from a citizen group called the “Grady Coalition.”
I want Grady to succeed, but not if it flouts the rule of law. Any official at Grady who allowed corrupt contracting to politicians must be held to strict account. Why will the public support Grady, if Grady officials thumb their nose at public-minded citizens?
We must not refill or run a sinking ship until we plug the holes. The honest employees, like Joyce Harris, former senior vice president at Grady, and Sam Newcome, MD, the chief of Grady oncology, opposed corruption, and they were fired. Why not rehire these people? They really seem to care about patient care and integrity at Grady.
When will honest law enforcement come? Does the current “crisis” bypass the rule of law? Thurbert Baker, our attorney general, wants to uphold the law in the case of Genarlow Wilson by keeping him in jail, but can not be reached when laws are being broken at a $700+ million dollar a year public facility. The officers of Grady must answer for what they did to precipitate this crisis. There must be no free lunch.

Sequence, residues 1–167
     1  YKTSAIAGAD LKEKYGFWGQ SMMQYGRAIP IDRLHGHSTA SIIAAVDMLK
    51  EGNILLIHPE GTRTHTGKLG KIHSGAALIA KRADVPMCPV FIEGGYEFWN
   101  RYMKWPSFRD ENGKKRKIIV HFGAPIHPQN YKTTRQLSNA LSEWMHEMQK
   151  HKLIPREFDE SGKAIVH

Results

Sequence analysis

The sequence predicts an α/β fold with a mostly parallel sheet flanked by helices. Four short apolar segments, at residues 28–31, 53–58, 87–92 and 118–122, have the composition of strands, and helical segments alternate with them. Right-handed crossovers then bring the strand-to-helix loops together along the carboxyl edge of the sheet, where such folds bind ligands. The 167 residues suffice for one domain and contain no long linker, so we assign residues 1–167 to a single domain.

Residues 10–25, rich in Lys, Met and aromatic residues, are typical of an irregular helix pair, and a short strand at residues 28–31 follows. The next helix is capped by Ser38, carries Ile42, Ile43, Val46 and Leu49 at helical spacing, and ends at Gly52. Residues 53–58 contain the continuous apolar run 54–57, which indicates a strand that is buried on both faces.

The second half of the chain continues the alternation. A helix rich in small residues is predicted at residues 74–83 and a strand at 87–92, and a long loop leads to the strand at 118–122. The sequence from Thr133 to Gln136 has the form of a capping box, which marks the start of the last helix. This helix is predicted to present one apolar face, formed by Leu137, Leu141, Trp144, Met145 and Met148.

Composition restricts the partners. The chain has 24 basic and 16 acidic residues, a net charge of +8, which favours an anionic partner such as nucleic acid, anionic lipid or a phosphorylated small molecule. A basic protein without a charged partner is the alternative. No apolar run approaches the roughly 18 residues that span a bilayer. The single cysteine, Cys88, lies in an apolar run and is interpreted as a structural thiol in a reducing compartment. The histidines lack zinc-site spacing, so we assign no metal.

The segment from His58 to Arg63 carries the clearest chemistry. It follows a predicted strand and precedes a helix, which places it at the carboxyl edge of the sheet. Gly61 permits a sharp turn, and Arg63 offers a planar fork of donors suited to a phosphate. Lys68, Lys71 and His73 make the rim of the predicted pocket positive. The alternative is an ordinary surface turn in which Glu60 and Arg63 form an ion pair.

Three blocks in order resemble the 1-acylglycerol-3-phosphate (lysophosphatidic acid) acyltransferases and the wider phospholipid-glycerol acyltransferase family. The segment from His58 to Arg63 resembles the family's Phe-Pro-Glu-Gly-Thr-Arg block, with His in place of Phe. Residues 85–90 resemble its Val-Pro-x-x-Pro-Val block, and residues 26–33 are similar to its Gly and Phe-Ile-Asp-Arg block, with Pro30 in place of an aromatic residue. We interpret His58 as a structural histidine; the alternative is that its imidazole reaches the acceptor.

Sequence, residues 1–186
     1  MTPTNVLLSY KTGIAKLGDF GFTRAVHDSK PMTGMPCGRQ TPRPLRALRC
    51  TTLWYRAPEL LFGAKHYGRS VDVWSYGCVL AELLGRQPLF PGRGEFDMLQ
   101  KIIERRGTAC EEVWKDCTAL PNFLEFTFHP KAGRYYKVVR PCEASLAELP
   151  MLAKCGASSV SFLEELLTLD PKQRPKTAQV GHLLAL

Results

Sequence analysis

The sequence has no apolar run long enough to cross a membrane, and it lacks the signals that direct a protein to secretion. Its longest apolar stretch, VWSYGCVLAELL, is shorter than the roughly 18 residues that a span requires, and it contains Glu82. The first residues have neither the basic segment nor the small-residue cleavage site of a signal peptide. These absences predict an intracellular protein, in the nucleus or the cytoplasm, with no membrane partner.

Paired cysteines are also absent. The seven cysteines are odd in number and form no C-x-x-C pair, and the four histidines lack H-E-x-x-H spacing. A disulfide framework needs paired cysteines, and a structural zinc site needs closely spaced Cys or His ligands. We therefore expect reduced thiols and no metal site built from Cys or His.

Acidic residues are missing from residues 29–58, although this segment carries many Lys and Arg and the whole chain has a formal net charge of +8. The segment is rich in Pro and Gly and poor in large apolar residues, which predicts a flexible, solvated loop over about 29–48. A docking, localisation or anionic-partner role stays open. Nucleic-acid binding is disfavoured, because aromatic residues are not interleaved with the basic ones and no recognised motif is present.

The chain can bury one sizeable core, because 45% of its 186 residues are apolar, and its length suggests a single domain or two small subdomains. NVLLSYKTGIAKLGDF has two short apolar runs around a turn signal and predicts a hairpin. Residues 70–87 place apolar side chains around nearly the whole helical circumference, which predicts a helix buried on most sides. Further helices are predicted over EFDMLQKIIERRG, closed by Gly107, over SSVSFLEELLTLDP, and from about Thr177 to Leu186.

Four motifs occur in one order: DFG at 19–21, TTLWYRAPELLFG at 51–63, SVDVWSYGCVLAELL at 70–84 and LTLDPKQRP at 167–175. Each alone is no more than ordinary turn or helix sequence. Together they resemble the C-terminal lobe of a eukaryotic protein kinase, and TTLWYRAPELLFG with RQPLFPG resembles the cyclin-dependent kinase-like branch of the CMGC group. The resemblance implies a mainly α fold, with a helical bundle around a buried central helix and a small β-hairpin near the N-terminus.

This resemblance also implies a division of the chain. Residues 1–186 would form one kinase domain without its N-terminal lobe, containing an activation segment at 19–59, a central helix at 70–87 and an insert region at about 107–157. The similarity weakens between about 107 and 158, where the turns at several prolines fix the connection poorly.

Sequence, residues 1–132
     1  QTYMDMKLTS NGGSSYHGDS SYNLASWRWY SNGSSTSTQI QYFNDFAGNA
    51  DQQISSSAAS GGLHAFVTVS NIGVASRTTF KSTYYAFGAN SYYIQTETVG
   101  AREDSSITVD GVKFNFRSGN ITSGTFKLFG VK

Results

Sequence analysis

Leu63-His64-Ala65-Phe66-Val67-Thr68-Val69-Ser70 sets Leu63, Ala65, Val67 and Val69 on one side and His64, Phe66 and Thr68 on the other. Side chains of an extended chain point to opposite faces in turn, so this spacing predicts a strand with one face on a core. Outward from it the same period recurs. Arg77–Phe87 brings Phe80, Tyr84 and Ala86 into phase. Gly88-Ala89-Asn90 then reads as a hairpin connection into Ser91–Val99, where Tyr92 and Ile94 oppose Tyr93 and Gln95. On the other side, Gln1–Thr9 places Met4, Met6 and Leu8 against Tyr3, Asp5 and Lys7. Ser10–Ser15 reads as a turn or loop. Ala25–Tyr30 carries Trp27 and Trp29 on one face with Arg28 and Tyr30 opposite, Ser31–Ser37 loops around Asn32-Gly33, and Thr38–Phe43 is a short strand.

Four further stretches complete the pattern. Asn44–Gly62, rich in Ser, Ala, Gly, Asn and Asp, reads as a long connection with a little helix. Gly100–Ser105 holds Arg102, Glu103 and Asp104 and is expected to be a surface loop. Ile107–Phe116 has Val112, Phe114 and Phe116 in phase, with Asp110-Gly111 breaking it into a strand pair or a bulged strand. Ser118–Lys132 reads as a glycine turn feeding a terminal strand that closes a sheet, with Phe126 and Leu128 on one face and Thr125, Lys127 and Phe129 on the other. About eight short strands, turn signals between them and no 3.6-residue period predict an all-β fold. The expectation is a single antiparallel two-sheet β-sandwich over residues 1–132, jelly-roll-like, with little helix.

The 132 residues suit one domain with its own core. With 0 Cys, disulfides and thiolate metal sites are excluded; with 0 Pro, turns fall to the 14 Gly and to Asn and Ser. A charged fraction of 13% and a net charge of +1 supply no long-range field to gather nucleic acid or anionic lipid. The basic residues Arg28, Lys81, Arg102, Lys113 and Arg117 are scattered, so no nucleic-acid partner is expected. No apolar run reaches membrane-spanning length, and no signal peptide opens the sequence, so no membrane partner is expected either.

Emory University virtually runs Grady. Despite Emory’s massive endowment, with more than $5 billion in the bank, Emory has not stepped up to the plate. Emory officials must be held accountable. How about Emory paying Grady for training its students and the use of its facilities, not vice versa? I wish Clark-Atlanta University paid me for my daughter’s education. Don’t you wish somebody paid you or your children for their education? The Grady Coalition has consistently shown part of Emory’s endowment (perhaps as much as 10 percent) actually belongs to Grady. It is time Emory pays the piper.
How many more consultants will Grady hire before it takes action. Cleaning up the corruption and getting Emory to pay for services rendered sounds like a good place to start – and this advice didn’t cost Grady a dime.